ArtiFascia is a patented, synthetic dural graft that protects the brain after neurosurgeries by boosting dura regeneration, while preventing cerebral-spinal fluid (CSF) leakage, to protect both the brain itself and central nervous system.

Nora Nseir Manassa, co-founder, co-CEO and CTO at Nurami adds, “Nurami is involved in ongoing efforts for the development of additional solutions for soft tissue repair and healing, for additional clinical indications, based on our technological platform which incorporates novel materials and unique manufacturing processes.”

Nurami Medical was founded in 2014 by uber-talented co-CEO and CTO Nora Nseir Manassa, COO Dr. Amir Bahar, and NGT3VC, a venture capital fund supporting early-stage life science startups. Previously, the company had raised $5 million from a number of Angel investors and the Israel Innovation Authority. The company relayed that the funding will be set towards completing clinical trials on ArtiFascia, and attaining both FDA and CE clearance. The clinical trial will test ArtiFascia in 90 patients, of which 13 have already been implanted with the ArtiFascia graft.

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Breast Cancer: Affordable Tests Could Result in Relapse Risk Z

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Researchers are working on an affordable test that determines the response of a breast cancer patient to hormone therapy to quickly predict the likelihood of a relapse.

Scientists estimate the cost of the test at about 60 pounds per patient, compared to currently available genomic tests which cost over 20 times that.

It finds deviations in cancer cell growth rate after treatment with aromatase inhibitors which inhibit estrogen production.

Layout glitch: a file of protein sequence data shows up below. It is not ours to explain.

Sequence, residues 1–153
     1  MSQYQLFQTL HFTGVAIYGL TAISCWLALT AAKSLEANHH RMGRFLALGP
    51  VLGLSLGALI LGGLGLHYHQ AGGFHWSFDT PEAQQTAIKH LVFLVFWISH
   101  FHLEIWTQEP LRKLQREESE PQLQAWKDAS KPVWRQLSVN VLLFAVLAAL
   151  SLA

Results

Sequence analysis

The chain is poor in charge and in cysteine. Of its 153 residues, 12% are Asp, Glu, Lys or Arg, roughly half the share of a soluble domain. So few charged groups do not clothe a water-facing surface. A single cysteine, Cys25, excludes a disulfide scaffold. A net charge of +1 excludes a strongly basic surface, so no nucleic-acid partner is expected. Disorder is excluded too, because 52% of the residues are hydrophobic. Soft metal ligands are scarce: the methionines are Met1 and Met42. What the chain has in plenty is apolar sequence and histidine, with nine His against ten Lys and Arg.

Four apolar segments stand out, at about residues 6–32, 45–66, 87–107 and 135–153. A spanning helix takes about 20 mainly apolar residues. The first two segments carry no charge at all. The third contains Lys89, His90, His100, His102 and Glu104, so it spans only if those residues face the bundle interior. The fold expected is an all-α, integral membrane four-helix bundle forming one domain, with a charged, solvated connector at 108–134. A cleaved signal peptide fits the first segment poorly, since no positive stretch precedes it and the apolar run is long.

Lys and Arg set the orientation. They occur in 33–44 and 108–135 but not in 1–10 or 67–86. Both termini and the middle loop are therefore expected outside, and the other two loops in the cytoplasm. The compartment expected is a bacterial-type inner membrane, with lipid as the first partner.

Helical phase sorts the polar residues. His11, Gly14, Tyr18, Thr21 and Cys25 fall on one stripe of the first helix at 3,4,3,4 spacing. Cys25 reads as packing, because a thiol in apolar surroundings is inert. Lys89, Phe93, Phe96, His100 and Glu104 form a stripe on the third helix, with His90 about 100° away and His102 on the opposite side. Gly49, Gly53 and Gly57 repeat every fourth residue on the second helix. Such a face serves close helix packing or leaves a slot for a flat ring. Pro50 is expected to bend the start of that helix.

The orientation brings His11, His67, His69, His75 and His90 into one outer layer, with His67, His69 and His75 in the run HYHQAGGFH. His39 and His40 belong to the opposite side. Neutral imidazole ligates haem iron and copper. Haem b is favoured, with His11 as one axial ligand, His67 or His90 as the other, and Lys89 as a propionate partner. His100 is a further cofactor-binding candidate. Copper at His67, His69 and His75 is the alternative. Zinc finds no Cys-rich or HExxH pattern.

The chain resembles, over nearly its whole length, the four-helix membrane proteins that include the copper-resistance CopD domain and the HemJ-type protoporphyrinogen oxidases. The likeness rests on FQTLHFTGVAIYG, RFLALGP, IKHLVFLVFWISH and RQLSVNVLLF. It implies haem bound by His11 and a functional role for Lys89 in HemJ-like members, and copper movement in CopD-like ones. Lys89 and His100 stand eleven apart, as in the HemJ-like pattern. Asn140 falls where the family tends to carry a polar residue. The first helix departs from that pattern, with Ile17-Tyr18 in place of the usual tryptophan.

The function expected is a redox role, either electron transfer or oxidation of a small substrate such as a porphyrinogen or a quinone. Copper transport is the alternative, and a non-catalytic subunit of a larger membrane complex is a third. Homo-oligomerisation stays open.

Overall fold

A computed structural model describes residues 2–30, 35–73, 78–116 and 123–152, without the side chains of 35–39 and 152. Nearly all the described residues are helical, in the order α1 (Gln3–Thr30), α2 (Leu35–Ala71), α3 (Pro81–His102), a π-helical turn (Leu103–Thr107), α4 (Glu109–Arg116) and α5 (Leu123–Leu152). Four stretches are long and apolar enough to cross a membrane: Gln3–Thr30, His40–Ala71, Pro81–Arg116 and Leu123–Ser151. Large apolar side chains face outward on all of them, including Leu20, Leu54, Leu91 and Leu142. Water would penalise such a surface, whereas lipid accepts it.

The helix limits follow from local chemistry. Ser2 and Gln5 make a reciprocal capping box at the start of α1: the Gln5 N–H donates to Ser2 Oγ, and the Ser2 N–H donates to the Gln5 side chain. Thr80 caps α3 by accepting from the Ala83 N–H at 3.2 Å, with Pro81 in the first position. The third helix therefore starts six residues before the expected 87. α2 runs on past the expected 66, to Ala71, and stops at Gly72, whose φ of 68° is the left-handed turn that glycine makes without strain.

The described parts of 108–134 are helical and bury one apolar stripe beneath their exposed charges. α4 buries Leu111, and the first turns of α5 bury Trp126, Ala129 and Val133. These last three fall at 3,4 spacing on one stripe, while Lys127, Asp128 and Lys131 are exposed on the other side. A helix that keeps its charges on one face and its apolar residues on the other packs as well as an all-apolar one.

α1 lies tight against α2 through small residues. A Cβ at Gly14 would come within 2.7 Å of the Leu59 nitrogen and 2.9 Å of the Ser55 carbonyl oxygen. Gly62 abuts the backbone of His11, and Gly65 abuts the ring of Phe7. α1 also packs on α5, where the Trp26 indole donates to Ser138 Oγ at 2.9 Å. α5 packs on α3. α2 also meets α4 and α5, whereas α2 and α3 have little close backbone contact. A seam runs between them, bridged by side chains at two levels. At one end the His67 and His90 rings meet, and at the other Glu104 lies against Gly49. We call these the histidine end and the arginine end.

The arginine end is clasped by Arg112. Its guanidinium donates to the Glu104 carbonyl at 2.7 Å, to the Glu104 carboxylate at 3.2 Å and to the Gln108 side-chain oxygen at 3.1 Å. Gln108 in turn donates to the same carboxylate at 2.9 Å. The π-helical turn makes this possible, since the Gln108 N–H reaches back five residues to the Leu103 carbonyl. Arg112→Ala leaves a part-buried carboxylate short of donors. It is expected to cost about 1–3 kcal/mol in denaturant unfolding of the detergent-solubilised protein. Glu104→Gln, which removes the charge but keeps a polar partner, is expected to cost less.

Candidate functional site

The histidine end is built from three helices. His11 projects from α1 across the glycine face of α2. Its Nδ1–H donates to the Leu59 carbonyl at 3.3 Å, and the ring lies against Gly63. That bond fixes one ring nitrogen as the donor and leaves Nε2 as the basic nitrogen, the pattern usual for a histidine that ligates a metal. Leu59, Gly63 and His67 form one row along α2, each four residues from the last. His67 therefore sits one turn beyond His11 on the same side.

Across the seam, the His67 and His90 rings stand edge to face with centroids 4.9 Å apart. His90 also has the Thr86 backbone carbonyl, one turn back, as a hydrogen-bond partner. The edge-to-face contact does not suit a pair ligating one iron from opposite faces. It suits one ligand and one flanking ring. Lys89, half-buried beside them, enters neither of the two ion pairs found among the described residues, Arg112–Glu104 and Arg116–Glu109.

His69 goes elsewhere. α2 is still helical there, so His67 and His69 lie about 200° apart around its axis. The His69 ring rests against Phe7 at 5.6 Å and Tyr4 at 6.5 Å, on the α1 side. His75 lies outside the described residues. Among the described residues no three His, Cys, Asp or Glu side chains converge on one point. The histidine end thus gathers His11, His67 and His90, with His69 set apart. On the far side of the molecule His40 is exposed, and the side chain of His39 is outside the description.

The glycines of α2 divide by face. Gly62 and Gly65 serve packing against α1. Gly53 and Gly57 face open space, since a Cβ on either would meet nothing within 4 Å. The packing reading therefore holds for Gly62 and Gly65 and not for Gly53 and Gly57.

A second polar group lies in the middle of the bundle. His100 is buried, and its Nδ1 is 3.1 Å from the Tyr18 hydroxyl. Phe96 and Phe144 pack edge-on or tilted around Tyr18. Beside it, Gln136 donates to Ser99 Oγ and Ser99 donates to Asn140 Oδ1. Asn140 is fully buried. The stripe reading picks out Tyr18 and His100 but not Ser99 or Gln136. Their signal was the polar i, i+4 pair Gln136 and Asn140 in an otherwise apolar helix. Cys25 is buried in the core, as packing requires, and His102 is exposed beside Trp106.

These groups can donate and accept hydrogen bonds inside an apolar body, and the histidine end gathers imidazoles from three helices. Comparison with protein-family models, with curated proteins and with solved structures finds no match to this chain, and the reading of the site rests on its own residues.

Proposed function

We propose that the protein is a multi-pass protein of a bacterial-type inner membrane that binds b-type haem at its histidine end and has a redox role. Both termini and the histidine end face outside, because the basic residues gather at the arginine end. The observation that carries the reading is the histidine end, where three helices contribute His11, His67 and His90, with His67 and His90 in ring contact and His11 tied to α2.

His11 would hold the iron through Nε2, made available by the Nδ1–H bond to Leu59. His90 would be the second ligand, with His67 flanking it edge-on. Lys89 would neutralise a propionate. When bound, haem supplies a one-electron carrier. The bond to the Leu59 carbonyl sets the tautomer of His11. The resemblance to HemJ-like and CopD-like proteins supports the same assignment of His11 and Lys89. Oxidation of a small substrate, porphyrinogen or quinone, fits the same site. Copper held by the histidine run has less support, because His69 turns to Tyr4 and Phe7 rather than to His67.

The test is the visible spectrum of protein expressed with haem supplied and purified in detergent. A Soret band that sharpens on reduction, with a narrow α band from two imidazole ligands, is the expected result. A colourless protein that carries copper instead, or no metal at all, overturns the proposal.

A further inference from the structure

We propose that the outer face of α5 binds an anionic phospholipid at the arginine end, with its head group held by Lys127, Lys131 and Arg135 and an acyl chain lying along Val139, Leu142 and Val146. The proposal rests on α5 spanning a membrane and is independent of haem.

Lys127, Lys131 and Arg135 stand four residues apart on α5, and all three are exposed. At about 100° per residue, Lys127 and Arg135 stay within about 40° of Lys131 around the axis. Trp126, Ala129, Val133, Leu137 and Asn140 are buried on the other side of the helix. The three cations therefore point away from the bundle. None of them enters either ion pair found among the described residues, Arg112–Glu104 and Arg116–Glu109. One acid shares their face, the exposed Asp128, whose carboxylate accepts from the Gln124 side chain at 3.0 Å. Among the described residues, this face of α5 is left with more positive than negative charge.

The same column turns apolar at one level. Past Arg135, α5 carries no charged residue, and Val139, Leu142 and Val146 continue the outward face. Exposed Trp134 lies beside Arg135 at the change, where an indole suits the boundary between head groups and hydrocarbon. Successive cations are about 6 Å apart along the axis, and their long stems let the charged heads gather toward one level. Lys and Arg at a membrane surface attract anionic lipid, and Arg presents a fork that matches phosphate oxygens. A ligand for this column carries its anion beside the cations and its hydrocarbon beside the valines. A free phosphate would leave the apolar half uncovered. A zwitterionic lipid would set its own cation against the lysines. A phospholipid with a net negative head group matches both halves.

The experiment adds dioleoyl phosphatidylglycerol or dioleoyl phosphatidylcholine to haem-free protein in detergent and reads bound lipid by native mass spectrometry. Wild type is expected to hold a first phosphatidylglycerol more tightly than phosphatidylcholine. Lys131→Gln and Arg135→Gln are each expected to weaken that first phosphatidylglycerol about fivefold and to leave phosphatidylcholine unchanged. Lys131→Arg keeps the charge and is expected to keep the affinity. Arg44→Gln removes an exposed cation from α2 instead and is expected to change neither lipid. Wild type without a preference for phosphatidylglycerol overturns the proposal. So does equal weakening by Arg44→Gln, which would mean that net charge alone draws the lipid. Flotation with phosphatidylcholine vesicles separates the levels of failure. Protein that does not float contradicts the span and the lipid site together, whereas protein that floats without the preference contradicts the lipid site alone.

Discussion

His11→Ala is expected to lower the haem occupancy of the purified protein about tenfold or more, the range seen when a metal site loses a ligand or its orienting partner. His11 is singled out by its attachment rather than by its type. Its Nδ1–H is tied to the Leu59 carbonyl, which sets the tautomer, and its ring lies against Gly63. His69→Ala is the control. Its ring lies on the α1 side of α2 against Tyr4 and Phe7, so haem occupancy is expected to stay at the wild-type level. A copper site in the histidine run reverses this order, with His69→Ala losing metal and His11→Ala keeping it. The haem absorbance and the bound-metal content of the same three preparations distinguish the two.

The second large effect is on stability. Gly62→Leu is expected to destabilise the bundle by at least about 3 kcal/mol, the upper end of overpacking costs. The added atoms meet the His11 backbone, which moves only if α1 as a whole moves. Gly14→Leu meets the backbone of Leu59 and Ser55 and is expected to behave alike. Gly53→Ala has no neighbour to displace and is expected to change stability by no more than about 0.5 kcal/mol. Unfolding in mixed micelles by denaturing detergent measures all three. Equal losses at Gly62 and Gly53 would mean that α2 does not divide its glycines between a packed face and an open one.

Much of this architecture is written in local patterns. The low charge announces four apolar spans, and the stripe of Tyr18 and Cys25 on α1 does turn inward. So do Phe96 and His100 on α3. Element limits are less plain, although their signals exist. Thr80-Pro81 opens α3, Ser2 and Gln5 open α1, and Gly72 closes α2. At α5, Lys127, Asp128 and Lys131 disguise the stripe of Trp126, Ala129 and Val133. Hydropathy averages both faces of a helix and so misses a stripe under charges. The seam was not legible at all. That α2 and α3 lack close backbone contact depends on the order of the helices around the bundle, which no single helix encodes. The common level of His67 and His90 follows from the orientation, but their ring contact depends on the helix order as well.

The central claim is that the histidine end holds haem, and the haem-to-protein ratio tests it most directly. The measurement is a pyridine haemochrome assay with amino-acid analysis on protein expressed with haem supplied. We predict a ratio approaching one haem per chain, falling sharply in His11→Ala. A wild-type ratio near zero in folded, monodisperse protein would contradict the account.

Researchers observe that using tests could reassure women who could do well under standard treatment and identify the ones are more likely to relapse.

”This important trial is the largest of its kind in the world and involved around 4,500 patients in 130 NHS breast units throughout the UK,’’ said the trial chief investigator, Professor Ian Smith, an honorary cancer medicine professor at the Cancer Research Institute in London.

‘’We have shown that giving patients with early breast cancer two weeks of simple endocrine therapy using aromatase inhibitor tablets before surgery allows us to determine what is the most appropriate medical treatment after surgery for each patient.

”In particular, it helps us identify which patients could avoid chemotherapy with all its unpleasant toxicities. The test is much cheaper and easier than current genomic tests, and we believe it should become part of the standard treatment for early breast cancer.”

A study of women with hormone-positive early-stage breast cancer by researchers team from Cancer Research Institute, London, and the Royal Marsden NHS Foundation Trust, in a situation where cancer cells grow, responding to progesterone or estrogen hormone, or both.